The relationship between time and money or some combination thereof creates freedom.  It requires quite a bit of energy to try to live well with little money, but if we are to flourish as do “the lilies of the field”, I suppose we should be satisfied with sunshine, water, and beneficial minerals from the earth – meaning we can be happy with surprisingly little material goods.  This is contrary to the American way of life.  It does upset me to have to spend most of my waking hours at a job which, while being fairly pleasant, is not where I really want to be spending that much time.  As an aspiring lily, I seek freedom in simplicity.  This means I must find a way to work no more than 20 hours per week at a paying job. I would like to continue to receive health insurance benefits – though I have forgone health insurance for over five years in the U.S., whereas in France I was always covered while never working more than twenty hours each week.  I do wish that conventional medical coverage would include alternative medicine, chiropractic, massage, and various natural therapies.  This is severely lacking, I find.  In France, holistic doctors and homeopathic treatments are included in mainstream medicine and are available through many general practitioners and pharmacies.  Also, I would like to continue to develop meaningful relationships with other people. This is a great challenge in the cultural climate in which I live as well.  Social media seems to detract from quality interactions, replacing true conversations with emotional depth by a constant superficial chatter.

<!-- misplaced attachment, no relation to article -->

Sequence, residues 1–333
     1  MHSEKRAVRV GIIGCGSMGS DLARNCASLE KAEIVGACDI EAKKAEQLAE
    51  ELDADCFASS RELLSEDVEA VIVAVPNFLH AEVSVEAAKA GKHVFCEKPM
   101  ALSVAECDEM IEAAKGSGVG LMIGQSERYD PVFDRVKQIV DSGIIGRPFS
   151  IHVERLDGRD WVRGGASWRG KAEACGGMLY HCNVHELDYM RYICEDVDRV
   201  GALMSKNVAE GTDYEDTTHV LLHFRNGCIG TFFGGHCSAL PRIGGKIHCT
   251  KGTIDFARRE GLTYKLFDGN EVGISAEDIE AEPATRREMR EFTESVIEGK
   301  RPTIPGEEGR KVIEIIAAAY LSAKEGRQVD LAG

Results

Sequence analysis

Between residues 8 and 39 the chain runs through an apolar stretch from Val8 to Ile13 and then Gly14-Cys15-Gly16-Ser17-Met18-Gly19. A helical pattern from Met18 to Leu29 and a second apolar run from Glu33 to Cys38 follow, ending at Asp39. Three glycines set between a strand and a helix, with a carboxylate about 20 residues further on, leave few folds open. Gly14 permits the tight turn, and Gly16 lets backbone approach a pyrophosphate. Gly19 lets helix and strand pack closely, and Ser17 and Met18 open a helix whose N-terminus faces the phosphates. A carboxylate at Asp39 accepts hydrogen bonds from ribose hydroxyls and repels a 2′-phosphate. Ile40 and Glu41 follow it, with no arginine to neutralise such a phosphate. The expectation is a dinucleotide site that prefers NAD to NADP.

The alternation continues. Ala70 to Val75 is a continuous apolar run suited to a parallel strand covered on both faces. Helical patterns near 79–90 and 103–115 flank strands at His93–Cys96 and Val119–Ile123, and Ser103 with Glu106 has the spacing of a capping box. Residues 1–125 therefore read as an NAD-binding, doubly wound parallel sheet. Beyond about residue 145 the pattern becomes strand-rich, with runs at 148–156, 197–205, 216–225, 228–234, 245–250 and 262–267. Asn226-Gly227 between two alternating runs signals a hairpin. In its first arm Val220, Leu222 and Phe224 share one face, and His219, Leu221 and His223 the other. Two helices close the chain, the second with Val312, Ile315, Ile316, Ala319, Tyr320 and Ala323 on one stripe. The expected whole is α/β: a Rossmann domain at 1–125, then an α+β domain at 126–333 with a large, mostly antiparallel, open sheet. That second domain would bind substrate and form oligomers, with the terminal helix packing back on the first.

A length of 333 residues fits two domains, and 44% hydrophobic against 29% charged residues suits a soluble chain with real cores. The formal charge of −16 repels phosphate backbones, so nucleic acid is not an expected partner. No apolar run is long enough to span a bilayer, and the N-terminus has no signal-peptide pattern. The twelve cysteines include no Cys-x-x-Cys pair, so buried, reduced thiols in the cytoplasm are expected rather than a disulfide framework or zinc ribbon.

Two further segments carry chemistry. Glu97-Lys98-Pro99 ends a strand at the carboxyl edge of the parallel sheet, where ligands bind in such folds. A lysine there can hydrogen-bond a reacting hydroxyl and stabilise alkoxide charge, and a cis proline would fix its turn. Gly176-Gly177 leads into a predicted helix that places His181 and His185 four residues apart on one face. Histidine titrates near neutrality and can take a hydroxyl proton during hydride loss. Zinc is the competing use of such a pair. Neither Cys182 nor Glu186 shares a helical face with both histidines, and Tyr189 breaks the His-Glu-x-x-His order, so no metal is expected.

In the United States, it is fairly easy to start one’s own business, but the tax base is high.  While in France, it is harder to start a business, it is easier to claim deductions on losses or expenses, especially in artistic ventures.  In the U.S., one is expected to make a profit; in France, profits are not necessary to continue one’s business as an artist and to declare it to the equivalent of the internal revenue service.  Personal freedom and creating the means to earn a living on one’s own terms are intimately connected.  If it is not possible to earn sufficient income in the U.S. through part-time external employment, then creating my own business may well be the only means for me to find meaningful work and enough free time to devote to my interests. This is the next phase of my personal development: creating a business that respects my own personality and need for time alone to dream and to breathe and relax.